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Whole-exome sequencing reveals POLR3B variants associated with progeria-related Wiedemann-Rautenstrauch syndrome

Abstract

Background

Wiedemann-Rautenstrauch syndrome (WRS) is a rare autosomal recessive neonatal progeroid disorder characterized by prenatal and postnatal growth retardation, short stature, a progeroid appearance, hypotonia, and mental impairment.

Case presentation

A 6-year-old patient, who initially presented with multiple postnatal abnormalities, facial dysplasia, micrognathia, skull appearance, hallux valgus, and congenital dislocation of the hip, was recruited in this study. The patient was initially diagnosed with progeria. The mother of the patient had abnormal fetal development during her second pregnancy check-up, and the clinical phenotype of the fetus was similar to that of the patient. Whole-exome sequencing (WES) of the patient was performed, and POLR3B compound heterozygous variants—c.2191G > C:p.E731Q and c.3046G > A:p.V1016M—were identified in the patient. Using Sanger sequencing, we found that the phenotypes and genotypes were segregated within the pedigree. These two variants are novel and not found in the gnomAD and 1000 Genomes databases. The two mutation sites are highly conserved between humans and zebrafish.

Conclusions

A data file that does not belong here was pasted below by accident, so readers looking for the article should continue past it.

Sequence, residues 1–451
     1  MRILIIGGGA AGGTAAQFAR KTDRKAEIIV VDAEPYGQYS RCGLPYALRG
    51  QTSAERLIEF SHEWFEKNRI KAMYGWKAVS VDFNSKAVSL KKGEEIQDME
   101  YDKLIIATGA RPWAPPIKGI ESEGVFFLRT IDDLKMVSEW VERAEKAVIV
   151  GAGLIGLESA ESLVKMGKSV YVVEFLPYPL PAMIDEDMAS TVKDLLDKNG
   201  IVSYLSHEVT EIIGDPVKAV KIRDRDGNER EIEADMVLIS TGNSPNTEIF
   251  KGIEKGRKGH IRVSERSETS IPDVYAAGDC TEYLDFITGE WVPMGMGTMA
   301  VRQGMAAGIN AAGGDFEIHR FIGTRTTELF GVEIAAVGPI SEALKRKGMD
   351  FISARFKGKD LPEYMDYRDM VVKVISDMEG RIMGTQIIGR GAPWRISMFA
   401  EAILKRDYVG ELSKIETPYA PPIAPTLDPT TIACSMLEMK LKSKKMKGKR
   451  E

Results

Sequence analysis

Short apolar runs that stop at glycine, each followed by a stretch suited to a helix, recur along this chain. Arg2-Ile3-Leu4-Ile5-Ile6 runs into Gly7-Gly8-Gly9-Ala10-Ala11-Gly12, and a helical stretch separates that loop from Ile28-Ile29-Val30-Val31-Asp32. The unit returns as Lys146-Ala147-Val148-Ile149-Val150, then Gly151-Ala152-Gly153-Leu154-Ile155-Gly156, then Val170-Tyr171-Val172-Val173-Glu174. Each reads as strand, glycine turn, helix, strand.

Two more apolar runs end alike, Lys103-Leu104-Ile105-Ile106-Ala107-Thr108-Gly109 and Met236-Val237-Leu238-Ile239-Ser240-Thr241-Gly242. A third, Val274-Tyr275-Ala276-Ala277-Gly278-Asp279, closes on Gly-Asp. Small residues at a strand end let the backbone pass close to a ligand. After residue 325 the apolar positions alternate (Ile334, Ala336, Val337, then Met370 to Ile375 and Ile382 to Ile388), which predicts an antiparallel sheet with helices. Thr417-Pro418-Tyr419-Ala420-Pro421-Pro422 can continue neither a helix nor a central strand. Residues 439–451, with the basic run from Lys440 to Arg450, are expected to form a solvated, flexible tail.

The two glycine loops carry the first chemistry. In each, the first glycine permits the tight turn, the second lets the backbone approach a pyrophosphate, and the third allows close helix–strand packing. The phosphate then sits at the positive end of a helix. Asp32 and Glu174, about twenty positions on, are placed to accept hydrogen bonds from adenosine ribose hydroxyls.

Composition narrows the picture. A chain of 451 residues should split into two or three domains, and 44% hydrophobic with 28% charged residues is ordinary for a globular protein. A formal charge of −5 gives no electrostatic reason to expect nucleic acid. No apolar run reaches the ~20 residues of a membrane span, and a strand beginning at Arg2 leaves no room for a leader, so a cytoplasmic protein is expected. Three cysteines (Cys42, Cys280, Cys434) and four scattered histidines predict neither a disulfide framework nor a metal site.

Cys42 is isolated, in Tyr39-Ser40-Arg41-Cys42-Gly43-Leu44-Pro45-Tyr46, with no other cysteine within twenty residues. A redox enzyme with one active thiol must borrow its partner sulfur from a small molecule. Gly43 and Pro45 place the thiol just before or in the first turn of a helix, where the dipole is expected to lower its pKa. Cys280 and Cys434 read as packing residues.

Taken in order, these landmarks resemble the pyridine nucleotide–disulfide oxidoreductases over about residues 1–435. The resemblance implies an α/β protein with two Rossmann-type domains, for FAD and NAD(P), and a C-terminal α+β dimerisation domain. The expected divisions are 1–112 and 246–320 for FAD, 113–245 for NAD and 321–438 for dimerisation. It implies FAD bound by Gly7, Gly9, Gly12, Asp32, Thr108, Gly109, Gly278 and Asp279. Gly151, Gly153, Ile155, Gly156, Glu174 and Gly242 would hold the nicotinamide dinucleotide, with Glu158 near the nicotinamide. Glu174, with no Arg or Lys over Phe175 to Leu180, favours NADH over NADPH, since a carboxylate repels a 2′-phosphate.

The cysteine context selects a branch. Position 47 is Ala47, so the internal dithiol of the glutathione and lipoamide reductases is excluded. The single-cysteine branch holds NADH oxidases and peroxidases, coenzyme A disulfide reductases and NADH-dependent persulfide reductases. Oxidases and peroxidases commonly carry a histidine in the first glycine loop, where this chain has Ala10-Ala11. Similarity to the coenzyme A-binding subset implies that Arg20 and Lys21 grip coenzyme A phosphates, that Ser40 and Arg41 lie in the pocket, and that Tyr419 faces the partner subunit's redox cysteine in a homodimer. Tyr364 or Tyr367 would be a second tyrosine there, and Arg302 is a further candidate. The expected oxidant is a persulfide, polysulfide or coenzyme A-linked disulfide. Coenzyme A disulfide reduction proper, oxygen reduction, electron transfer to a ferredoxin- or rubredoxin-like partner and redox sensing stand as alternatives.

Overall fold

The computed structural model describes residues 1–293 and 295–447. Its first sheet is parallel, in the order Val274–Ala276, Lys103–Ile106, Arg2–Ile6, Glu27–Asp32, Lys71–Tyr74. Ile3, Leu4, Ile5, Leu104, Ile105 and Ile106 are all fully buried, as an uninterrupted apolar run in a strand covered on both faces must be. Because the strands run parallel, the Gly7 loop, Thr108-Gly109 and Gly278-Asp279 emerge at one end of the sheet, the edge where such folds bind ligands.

Our study not only identified a novel WRS-associated gene, POLR3B, but also broadened the mutational and phenotypic spectra of POLR3B. Furthermore, WES may be useful for identifying rare disease-related genetic variants.

Background

Progeria, also known as premature aging syndrome, accelerates the aging of newborns. Characteristic facial features include a larger head, narrow nose bridge, narrow nasal tip, thin vermilion of the upper and lower lips, and a small mouth [1, 2]. Common symptoms include decreased subcutaneous fat, delayed eruption and loss of primary teeth, abnormal skin on the abdomen and upper thighs, early hair loss, nail dystrophy, hip valgus, and decreased joint mobility [1, 2]. The mean age at diagnosis is 2.9 years [1]. The average age of demise for patients with progeria is approximately 12.6 years [1]. Hutchinson-Gilford Progeria is an accelerated aging syndrome caused by mutations in LMNA [3].